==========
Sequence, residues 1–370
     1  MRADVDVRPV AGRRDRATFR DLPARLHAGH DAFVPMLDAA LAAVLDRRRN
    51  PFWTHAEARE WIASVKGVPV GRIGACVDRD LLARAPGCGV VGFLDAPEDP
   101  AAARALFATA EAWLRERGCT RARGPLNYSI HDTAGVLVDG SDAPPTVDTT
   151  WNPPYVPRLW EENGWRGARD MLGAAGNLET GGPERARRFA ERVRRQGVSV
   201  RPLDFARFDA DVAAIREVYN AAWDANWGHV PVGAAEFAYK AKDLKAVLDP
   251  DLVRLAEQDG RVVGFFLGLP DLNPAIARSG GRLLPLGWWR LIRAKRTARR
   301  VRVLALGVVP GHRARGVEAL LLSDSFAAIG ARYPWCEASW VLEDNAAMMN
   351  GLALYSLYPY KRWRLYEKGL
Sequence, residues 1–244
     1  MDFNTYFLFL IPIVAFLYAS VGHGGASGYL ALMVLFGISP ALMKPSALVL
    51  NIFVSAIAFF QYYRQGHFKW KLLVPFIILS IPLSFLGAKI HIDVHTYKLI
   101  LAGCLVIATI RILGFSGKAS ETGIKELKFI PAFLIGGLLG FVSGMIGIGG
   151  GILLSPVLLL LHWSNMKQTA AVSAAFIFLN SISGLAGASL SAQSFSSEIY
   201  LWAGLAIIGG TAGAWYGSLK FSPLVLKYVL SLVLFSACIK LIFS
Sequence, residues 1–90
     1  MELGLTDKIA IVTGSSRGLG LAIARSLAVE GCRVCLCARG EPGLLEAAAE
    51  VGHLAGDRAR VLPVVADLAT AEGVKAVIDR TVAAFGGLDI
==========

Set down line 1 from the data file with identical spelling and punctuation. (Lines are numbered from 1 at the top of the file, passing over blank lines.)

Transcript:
Sequence, residues 1–370